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Open Access Dissertation
Doctor of Philosophy (PhD)
Year Degree Awarded
Month Degree Awarded
The goal of this dissertation is to advance the state of the art of research in constraint-based phonotactics. It takes a two-pronged approach: a technological contribution intended to facilitate future research, and experiments which seek to shed light on high-level questions about the properties of phonotactic models that can guide the development of theoretical work.
The technological contribution is a software package called Speriment which allows experimenters to create and run experiments over the internet without advanced programming techniques. This software is particularly well suited to the kinds of experiments often run in phonotactic research, but can also be used for experiments in other domains of linguistics and the social sciences. It is hoped that this software will make it faster and easier to conduct phonotactic and other experiments as well as encourage experimenters to increase the reproducibility and transparency of their research.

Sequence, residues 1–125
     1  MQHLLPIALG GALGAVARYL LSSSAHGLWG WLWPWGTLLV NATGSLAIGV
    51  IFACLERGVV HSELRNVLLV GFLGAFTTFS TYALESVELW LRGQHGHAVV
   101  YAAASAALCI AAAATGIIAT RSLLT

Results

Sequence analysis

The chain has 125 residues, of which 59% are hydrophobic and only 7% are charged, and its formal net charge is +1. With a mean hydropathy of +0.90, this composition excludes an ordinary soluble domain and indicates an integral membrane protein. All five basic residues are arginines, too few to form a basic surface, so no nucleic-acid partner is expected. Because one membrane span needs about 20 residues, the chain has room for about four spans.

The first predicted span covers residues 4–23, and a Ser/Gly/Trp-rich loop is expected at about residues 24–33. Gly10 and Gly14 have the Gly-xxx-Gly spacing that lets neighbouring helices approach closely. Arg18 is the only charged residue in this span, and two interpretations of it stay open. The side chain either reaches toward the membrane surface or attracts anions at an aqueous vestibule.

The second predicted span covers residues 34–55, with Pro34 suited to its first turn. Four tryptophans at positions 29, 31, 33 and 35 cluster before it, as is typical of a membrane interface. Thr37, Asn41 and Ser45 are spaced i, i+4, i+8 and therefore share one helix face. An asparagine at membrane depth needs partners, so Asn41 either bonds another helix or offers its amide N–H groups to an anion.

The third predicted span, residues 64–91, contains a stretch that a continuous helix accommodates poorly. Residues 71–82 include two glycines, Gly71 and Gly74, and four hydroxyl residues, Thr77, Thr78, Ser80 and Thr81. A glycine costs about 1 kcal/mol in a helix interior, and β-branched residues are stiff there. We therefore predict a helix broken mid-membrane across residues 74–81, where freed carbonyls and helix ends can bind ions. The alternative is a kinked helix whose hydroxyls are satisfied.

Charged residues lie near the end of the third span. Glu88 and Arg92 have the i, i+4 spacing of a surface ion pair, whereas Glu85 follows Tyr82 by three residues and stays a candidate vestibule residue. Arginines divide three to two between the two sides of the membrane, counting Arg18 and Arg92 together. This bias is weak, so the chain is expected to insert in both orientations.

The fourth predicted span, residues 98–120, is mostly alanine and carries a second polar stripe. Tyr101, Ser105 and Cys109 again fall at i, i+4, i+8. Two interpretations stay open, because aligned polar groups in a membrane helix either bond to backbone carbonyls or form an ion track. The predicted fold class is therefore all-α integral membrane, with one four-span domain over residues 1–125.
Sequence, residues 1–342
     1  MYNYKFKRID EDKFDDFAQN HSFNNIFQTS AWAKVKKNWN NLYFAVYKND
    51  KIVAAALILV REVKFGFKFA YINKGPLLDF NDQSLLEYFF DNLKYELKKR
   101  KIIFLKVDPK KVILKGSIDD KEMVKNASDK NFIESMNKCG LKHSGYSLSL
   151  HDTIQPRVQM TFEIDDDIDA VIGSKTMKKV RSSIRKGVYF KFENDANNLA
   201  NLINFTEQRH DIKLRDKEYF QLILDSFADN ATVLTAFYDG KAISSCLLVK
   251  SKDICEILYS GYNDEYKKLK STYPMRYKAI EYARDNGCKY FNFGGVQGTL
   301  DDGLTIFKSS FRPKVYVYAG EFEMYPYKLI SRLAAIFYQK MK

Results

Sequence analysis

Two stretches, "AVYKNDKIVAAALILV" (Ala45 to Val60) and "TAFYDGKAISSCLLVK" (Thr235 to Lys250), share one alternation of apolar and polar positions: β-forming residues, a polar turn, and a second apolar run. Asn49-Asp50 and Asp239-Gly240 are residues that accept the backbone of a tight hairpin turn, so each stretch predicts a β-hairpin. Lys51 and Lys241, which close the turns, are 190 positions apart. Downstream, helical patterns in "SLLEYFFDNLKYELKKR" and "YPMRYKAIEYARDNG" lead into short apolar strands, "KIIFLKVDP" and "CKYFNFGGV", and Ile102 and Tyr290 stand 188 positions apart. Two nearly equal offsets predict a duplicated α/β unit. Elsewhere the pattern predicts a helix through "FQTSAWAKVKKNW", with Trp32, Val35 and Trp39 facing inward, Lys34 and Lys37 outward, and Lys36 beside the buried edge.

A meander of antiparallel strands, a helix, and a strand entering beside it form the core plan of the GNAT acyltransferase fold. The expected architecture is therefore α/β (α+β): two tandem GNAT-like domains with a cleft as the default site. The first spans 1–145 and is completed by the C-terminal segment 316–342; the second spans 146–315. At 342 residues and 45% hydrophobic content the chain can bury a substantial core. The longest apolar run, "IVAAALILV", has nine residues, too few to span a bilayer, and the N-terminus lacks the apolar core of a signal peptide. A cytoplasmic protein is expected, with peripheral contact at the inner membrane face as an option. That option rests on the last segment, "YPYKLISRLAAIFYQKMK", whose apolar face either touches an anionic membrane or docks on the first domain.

The experiments presented here address questions that assume constraint-based phonotactic frameworks, but that do not rely on particular theories of the content of the constraint set. That is, they apply to constraint-based frameworks for theories of phonotactics, with the first study seeking to distinguish between two such frameworks, a linear version of Harmonic Grammar and Maximum Entropy, while the second investigates whether phonotactic knowledge is independent of knowledge of phonological alternations. These coarse-grained questions about phonotactic knowledge on how pieces of phonotactic knowledge interact with each other and with another part of the grammar are intended to add to the groundwork on which phonotactic models and models of all phonological knowledge are built. Their findings have implications for which constraint-based frameworks should be used for future theories and how these theories can be reliably tested.
Pizzo, Presley, "Investigating Properties of Phonotactic Knowledge Through Web-Based Experimentation" (2015). Doctoral Dissertations. 502.